How Long Must an Attorney Retain a File?
California Professional Rules of Conduct, rule 3-700(D) does not state a specific time period for the maintenance and retention of client files. And, rule 801-1 directs an attorney to preserve client properties. As space to store transcripts, research, etc. becomes cramped, the question arises, “What do I do?”
In a formal opinion, the State Bar of California Standing Committee on Professional Responsibility and Conduct concluded “that client files in criminal matters should not be destroyed without the former client’s express consent while the former client is alive.” (Cal. State Bar Standing Com. Prof. Responsibility and Conduct, Formal Opn. No. 2001-157; see also LA Formal Op. No. 420 (1983).) The State Bar’s Formal Opinion recognizes that the “adoption of measures such as California’s ‘Three Strikes’ law (Proposition 184 of 1994, codified as Penal Code section 1170.12) could make a client file in a matter resulting a prior conviction more important than ever.” (Cal. State Bar Standing Com. Prof. Responsibility and Conduct, Formal Opn. No. 2001-157.) Indeed, “an attorney cannot foresee the future utility of information contained in [a criminal] file.” (LA Formal Op. No. 420 (1983).) “Absent written instruction from a client on what to do with a file, the attorney should not undertake the destruction of client files on the attorney’s initiative.” (Ibid.)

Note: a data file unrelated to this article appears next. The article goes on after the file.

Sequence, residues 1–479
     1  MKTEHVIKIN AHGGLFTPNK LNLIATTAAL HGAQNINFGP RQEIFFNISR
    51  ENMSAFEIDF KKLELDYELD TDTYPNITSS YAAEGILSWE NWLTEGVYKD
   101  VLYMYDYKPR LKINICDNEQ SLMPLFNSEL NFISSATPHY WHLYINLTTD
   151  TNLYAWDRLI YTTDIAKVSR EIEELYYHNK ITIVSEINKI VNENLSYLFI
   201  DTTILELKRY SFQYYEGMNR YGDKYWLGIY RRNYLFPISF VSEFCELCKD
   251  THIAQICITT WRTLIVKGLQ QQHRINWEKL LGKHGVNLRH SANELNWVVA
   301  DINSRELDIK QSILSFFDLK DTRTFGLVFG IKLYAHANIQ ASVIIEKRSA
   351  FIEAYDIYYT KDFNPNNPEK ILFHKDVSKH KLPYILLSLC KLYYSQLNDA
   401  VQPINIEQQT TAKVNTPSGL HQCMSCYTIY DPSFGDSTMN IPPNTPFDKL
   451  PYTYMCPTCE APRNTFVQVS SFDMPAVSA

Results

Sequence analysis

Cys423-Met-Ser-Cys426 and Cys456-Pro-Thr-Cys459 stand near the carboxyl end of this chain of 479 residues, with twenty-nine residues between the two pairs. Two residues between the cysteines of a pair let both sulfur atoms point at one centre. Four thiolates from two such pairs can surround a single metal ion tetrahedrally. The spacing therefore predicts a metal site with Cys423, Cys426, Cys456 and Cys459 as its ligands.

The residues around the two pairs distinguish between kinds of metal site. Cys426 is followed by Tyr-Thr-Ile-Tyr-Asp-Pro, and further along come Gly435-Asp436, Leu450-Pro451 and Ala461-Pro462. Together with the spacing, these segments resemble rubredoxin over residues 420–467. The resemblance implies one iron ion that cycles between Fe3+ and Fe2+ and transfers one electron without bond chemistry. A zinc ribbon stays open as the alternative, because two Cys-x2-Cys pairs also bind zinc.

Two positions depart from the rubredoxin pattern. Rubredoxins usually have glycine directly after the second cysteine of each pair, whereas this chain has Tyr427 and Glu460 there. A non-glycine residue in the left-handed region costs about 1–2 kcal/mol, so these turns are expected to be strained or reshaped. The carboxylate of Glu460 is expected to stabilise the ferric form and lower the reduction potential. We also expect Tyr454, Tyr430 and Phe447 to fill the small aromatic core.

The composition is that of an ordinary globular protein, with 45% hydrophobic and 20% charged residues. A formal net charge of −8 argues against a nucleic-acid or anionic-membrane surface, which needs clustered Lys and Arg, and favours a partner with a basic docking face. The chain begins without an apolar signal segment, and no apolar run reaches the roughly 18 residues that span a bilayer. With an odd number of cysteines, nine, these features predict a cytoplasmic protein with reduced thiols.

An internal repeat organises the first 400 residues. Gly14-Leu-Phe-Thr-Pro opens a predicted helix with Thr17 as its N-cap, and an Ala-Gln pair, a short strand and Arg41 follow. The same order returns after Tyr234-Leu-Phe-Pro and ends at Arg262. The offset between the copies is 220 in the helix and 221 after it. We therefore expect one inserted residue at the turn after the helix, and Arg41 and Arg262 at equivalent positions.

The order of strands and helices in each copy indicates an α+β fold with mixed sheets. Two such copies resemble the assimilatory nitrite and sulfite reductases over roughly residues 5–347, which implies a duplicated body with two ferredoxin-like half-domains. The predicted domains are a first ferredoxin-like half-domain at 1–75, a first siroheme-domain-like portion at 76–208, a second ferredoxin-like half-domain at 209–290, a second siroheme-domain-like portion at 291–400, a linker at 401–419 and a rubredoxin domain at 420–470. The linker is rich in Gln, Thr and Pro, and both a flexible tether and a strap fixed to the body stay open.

Formal Opinion Number 2001-157 also provides detailed guidance on an attorney’s ethical duties regarding the retention of former clients’ files in civil cases. (See also L.A. County Bar Formal Op. No. 475; Bar Association of San Francisco Formal Op. No. 1996-1.)
When files are destroyed, “the attorney is obliged to use a method of destruction that will ensure no breach of confidentiality.” (Cal. State Bar Standing Com. Prof. Responsibility and Conduct, Formal Opn. No. 2001-157.) This also applies when disposing of client files stored in electronic form. (Id. at fn. 9.)
Note: These rules are generalizations of the Formal Opinions mentioned and the California Professional Rules of Conduct. It is designed to alert counsel to the potential problem of overcrowding and destruction of client files. If you have a specific question regarding the retention of a former client’s file or any other questions concerning the content of the file, the novelty or intrinsic value of some documents, or any other related questions, you can always contact the State Bar Ethics Hotline number at (800) 238-4427 for guidance or search their website (external link).